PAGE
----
Lower Credit Card Rates? Just Ask!
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When’s the last time you saw the interest rate and fees on your credit card go down? Yes, you read that right. Down.
If you’re like most Americans, the likely answer to this question is never. Now, what if I told you that eliminating your fees and slashing your interest rate by five, ten or fifteen percent is as easy as picking up the phone and dialing the number on the back of the card? Yes, seriously! Just follow these two easy steps, and you’ll be on your way to lower credit card rates and more money in your pocket! (See also: 10 Monthly Bills You Can Slash)
The first step to reducing your credit card rates is to know your history. What rate are you paying now? How many years have you been with the company? Do you always make, at least, the minimum payment? Have you ever been late? This information will come in handy when asking the credit card company for a lower rate.
The second step is to call the company, and tell them you want a lower rate. More than likely, they will tell you no the first time you ask. Why? Because the higher your rate, the more money they make! But don’t take no for an answer! If they tell you no, inform them of your positive history with the company. Remind them how you’ve been a loyal customer for 10 years, or have never paid late. If the answer is still no, ask to speak with a supervisor. If the supervisor says no, wait 15 minutes and call again. You’ll be speaking with an entirely different person.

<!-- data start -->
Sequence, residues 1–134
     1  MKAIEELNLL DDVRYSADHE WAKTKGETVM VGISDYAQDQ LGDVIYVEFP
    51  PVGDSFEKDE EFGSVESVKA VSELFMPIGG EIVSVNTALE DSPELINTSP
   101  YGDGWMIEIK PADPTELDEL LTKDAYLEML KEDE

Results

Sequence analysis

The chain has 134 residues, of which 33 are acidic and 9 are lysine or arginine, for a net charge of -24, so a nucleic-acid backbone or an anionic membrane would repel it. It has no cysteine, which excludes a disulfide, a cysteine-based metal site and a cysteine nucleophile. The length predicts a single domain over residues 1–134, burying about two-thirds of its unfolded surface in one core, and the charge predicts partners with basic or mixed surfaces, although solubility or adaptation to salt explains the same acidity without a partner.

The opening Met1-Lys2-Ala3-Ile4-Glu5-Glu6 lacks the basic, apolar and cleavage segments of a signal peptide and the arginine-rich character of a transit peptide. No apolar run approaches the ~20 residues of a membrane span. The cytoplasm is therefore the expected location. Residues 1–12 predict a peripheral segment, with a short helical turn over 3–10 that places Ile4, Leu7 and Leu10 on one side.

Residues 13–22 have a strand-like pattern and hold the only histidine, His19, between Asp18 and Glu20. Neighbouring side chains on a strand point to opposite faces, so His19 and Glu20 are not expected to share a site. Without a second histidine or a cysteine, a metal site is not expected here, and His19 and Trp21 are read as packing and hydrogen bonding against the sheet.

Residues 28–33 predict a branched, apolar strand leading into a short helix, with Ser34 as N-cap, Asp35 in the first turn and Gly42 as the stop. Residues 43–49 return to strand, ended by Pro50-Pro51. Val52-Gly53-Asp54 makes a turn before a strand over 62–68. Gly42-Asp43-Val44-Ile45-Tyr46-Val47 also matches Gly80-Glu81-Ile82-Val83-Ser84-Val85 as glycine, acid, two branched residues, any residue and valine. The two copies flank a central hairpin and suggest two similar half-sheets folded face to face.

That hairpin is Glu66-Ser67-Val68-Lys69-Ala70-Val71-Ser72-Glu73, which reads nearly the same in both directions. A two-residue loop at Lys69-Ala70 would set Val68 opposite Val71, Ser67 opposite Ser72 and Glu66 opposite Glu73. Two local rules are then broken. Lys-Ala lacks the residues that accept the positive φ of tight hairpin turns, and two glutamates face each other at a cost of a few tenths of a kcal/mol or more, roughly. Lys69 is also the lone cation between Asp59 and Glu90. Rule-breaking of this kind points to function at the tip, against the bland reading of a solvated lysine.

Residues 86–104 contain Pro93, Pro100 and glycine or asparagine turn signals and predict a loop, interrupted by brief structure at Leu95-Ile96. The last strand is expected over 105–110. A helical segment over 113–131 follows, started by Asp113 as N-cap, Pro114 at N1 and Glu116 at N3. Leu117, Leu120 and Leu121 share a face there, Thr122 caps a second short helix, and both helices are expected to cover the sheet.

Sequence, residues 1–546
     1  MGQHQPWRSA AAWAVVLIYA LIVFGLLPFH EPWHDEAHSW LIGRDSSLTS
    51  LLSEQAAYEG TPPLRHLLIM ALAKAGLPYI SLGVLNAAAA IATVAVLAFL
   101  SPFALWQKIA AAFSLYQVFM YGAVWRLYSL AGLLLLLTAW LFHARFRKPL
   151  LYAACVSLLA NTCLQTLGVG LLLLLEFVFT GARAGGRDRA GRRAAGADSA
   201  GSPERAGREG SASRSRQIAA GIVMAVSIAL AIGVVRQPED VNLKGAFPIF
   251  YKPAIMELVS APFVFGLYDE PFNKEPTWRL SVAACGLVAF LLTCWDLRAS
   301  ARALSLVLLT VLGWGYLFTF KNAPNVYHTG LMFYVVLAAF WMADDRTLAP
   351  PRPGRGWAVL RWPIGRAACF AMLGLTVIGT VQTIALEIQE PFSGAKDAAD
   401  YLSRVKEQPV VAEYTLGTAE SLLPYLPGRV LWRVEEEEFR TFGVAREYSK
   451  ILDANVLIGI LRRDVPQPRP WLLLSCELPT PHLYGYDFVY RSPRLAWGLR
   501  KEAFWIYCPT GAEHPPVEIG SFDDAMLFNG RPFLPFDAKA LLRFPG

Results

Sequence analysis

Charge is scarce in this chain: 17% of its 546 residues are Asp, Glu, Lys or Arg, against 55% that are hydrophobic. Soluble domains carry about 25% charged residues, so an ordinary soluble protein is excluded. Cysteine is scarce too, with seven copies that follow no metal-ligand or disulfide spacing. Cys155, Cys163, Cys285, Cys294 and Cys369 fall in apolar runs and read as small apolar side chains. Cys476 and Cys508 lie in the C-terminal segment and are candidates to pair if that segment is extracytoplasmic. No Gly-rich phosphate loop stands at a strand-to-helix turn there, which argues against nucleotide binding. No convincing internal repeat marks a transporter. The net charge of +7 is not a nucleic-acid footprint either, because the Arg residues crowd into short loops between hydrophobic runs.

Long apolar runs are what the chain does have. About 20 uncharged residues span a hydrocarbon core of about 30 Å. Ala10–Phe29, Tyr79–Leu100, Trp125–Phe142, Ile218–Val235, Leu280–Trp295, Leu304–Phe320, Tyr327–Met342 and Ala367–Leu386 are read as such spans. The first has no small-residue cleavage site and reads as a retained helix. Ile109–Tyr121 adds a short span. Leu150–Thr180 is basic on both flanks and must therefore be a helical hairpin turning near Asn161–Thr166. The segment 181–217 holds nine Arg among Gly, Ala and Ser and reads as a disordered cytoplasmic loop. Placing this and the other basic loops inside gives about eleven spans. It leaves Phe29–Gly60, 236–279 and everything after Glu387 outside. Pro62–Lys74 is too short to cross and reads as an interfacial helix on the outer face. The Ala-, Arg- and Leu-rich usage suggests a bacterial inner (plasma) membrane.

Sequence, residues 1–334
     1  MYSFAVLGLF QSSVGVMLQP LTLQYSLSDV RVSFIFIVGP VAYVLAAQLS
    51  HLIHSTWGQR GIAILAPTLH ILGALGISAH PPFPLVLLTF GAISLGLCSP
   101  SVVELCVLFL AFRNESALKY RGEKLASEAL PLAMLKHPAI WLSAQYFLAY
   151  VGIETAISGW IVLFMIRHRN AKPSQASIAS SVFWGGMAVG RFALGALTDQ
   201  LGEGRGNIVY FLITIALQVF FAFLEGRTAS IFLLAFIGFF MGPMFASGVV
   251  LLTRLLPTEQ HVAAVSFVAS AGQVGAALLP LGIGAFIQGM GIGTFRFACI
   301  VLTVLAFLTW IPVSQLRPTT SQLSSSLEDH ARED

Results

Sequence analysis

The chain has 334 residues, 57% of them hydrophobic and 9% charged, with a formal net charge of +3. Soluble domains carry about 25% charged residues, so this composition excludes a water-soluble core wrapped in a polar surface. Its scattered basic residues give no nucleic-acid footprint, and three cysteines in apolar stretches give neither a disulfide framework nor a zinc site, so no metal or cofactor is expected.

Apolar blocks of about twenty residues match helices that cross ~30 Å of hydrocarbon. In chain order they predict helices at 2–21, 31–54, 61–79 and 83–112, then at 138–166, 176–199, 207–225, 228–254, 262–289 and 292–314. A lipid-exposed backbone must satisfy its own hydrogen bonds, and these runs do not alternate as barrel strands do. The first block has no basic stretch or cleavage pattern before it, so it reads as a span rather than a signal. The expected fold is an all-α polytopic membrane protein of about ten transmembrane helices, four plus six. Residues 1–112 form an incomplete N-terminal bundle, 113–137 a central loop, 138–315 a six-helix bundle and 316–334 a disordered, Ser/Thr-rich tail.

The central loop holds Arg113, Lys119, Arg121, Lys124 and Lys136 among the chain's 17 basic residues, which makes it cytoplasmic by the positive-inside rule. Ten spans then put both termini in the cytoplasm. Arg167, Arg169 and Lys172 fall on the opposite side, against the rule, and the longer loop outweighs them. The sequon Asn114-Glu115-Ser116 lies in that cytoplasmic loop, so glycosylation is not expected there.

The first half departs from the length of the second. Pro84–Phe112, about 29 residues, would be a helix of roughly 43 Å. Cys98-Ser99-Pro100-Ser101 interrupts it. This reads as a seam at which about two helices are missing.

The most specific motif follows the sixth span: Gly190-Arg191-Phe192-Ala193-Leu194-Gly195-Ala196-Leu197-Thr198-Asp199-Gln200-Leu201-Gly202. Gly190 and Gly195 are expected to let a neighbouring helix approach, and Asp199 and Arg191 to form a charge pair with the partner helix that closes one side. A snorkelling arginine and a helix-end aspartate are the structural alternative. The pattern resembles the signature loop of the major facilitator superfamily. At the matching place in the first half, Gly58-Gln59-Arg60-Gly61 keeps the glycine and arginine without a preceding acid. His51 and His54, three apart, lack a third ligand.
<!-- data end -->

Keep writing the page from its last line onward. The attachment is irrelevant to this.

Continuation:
What if they keep telling you no? Or what if you’ve been a less than stellar client? What if you haven’t paid on time or didn’t make the minimum payment? Then it’s time for the Credit Card Rate Hail Mary. Tell them that you’ve received other offers in the mail, and if they do not meet those offers you will cancel your card. (Make sure you have a few real or pretend offers to give to them as examples.)
The key to lowering your rate is to be persistent and to remember that the credit card business is fiercely competitive. They would rather keep you as a customer than spend money on attracting a new customer. Even if you aren’t a great customer, you should still ask for a lower rate. If you carry a balance, two or three percentage points lower on your credit card rate can make a sizeable difference! Remember: If you don’t ask, you’ll never know.
Below is a sample script to read to the credit card company:
"Hi, my name is __________________ . I have been a good customer for _________ years, but I’ve received numerous offers in the mail from other companies offering much lower rates. For example, I have an offer here for a _________ APR. I want to stay with your company, but I also want a lower rate on my card. What can you do for me?"
These tips will also work for increasing your limit. Just replace “lower rates” with “higher limits” and “APR” with “limit”.
Editorial Note: Any opinions, analyses, reviews or recommendations expressed in this article are those of the author’s alone, and have not been reviewed, approved or otherwise endorsed by any bank, card issuer, airline or hotel chain.